"tree i.d." may not be a tree at all....

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"tree i.d." may not be a tree at all....

Post  rrubberbandman on Sat Aug 10, 2013 2:14 pm

I recently had an explosion of these neat looking, mimosa resembling seedlings pop up in a area where i had spread pine bark chips.

resembles a rain tree kinda...
Bryan

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Re: "tree i.d." may not be a tree at all....

Post  JimLewis on Sat Aug 10, 2013 2:41 pm

There are a score or more small, woody weeds that look like that. Probably not bonsai material.

Moving to questions.

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Tree ID

Post  bonsaisr on Sat Aug 10, 2013 2:56 pm

So you are assuming the seeds came with the pine bark. The most likely candidate, if it turns out to be a tree, is Albizia julibrissin. It is used for bonsai. Let some of them grow & see what happens. They might be fun to practice on as a little forest planting.
Iris

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Re: "tree i.d." may not be a tree at all....

Post  AlainK on Sat Aug 10, 2013 3:25 pm

Albizzia is a good candidate, the seeds germinate easily. I grew some from pods I collected in a park, but they didn't survive the first winter. They must be protected from the frosts when young, but maybe the winters are mild enough where you live.

A cultivars named 'Albizia julibrissin 'Summer Chocolate' has been very popular here in the past few years. I offered one to my sister who lives on the Atlantic coast, they have almost no frosts there, but the top died, and new shoots appeared at the base in July only.

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Re: "tree i.d." may not be a tree at all....

Post  rrubberbandman on Sat Aug 10, 2013 4:31 pm

ahhhhh i see.....maybe a tiny pot candidate.
Thanks all!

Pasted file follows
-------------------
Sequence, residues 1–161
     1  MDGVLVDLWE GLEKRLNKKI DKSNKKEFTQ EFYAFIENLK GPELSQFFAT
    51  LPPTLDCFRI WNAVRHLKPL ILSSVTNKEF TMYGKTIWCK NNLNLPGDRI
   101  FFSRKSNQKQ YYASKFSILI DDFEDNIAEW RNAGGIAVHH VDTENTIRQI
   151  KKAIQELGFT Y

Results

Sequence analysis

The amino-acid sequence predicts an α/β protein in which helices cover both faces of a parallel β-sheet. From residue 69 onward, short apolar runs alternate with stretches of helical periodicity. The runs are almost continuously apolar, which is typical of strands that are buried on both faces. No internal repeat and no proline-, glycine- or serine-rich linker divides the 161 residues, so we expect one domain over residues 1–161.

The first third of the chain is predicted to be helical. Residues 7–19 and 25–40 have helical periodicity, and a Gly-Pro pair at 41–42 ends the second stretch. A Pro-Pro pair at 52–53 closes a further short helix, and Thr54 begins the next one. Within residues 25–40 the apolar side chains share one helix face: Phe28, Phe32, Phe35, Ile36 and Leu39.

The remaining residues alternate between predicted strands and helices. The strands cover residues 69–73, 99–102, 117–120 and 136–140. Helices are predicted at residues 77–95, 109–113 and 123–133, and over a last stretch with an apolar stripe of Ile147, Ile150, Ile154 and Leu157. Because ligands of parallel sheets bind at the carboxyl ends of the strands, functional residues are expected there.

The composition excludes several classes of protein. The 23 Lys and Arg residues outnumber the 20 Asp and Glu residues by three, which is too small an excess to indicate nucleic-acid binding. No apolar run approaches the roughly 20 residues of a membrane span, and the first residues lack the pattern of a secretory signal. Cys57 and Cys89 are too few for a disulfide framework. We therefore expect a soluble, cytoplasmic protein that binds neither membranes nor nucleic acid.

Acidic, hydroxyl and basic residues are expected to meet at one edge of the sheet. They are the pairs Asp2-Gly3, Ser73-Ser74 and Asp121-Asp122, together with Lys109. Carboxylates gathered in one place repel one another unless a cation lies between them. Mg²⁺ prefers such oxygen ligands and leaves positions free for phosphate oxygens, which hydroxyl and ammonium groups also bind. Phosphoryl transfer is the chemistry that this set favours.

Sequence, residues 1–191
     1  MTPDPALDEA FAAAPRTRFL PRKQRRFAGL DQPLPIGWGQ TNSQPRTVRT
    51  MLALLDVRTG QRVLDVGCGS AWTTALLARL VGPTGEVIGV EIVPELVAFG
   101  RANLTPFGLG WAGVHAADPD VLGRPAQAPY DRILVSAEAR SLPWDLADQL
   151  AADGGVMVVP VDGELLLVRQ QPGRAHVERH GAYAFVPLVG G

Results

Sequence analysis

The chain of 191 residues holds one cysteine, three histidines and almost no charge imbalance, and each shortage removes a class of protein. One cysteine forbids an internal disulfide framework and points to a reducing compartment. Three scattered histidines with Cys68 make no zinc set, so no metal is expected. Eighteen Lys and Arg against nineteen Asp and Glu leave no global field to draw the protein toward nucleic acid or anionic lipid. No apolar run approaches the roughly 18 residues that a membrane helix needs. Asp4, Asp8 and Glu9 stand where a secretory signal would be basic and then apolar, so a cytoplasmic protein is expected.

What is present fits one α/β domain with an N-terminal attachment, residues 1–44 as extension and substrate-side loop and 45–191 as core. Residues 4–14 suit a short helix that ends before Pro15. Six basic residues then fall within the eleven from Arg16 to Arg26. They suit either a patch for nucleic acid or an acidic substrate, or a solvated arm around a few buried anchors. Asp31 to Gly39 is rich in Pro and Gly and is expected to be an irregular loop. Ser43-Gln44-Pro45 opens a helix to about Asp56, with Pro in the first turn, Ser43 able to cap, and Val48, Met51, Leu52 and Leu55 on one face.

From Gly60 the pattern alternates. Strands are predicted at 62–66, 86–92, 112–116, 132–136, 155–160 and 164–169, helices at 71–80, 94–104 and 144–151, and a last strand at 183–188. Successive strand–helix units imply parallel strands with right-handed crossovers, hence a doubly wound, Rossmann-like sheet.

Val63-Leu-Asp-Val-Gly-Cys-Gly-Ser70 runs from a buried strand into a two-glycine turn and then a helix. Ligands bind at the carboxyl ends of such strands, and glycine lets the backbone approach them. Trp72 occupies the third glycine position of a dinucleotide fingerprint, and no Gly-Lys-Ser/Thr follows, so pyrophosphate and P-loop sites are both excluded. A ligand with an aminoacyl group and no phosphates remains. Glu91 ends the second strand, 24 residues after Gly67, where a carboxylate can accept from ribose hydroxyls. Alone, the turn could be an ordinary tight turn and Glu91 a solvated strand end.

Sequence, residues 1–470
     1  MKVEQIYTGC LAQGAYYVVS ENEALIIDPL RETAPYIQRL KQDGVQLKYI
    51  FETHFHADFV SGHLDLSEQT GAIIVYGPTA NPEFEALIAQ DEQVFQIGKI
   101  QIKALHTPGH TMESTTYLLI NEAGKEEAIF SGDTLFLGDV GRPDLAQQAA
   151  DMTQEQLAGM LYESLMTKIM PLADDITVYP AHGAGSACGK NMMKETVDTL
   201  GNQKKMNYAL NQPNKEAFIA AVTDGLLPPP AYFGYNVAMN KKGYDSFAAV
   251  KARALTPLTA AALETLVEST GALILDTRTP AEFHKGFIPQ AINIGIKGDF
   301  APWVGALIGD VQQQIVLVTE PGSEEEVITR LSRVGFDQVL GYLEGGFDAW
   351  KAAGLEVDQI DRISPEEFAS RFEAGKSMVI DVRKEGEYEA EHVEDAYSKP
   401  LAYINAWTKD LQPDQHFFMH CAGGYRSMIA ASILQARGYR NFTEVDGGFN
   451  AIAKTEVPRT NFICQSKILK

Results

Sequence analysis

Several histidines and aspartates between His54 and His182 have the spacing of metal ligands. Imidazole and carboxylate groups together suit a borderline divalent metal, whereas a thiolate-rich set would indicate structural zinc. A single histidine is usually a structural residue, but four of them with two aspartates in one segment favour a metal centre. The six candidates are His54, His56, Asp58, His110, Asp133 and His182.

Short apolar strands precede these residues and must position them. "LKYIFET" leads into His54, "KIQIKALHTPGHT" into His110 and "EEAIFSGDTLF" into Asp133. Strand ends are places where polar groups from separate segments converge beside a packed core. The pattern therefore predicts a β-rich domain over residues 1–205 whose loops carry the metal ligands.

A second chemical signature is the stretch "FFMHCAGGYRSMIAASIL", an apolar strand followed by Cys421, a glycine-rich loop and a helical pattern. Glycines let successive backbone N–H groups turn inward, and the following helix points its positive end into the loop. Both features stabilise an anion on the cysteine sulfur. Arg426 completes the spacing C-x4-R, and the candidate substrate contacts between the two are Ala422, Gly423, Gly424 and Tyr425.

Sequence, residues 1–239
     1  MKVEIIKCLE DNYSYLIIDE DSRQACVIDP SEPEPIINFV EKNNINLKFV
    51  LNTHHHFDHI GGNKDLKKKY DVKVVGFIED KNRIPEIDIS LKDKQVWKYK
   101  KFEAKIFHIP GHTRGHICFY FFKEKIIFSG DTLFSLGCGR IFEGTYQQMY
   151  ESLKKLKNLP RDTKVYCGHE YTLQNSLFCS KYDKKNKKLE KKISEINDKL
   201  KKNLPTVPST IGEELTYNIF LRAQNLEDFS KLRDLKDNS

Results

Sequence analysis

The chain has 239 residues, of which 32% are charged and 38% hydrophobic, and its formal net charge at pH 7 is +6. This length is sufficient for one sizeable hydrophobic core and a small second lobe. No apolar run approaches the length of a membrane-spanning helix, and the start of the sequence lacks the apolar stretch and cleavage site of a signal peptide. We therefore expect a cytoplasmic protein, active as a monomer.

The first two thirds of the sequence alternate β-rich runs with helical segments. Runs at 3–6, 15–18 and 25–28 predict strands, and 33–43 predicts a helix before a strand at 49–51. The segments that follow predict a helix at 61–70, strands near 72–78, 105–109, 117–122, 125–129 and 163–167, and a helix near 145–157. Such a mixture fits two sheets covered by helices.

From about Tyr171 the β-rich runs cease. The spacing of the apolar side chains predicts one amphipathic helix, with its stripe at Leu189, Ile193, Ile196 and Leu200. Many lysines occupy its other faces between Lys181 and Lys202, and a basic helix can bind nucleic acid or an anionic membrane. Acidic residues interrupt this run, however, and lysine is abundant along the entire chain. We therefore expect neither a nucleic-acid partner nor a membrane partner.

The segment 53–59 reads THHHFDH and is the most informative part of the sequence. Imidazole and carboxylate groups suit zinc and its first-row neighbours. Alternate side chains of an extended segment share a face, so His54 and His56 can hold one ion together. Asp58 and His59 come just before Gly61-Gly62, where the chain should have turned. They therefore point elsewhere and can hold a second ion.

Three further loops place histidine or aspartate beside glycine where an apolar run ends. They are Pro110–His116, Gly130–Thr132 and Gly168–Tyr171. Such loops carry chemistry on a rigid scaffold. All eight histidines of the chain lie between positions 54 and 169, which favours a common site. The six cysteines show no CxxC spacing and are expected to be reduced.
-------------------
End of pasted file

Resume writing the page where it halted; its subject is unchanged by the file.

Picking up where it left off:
Bryan

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Re: "tree i.d." may not be a tree at all....

Post  Xavier de Lapeyre on Sat Aug 10, 2013 7:32 pm

Does the leaves fold when you touch them?
If it folds/closes when you touch the leaves, it would be a mimosa pudica




What ever the material you have, be it a Mimosa or a Albizzia,
Even if its not a classical bonsai material, you could give it a try.
It might not last more than a couple of years, maybe 5 to 10 years, but you could get something out of it for some years.

It might not become a full fledge bonsai, but it could be good enough for you while it can last.

Mimosa Sensitiva / Mimosa Pudica Bonsai by Xtolord, on Flickr


Last edited by Xavier de Lapeyre on Sat Aug 10, 2013 9:14 pm; edited 1 time in total (Reason for editing : minor correction)

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Re: "tree i.d." may not be a tree at all....

Post  rrubberbandman on Sat Aug 10, 2013 8:02 pm

Xavier de Lapeyre wrote:Does the leaves fold when you touch them?
If it folds/closes when you touch the leaves, it would be a mimosa pudica




What ever the material you have, be it a Mimosa or a Albizzia,
Even if its not a classical bonsai material, you could give it a try.
It might not last more than a couple of years, maybe 5 to 10 years, but you could get something out of it for some years.

I might not become a full fledge bonsai, but it could be good enough for you while it can last.

Mimosa Sensitiva / Mimosa Pudica Bonsai by Xtolord, on Flickr
SWEEET looking....they close at dark i am sure but have not did the touch test.....this is going to be a nice project!
Bryan

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Re: "tree i.d." may not be a tree at all....

Post  Andre Beaurain on Sun Aug 11, 2013 10:31 am

Dear Bryan.

The plant that came up in your garden is one of the 10 weirdest plants on the planet.  ( That's why had to have it in our Collection, and I struggle to keep it alive...too dry in summer.)
It is the plant that responds the quickest to touch in the world!   It is believed, to hush away insects and to  look unappetizing to grazers.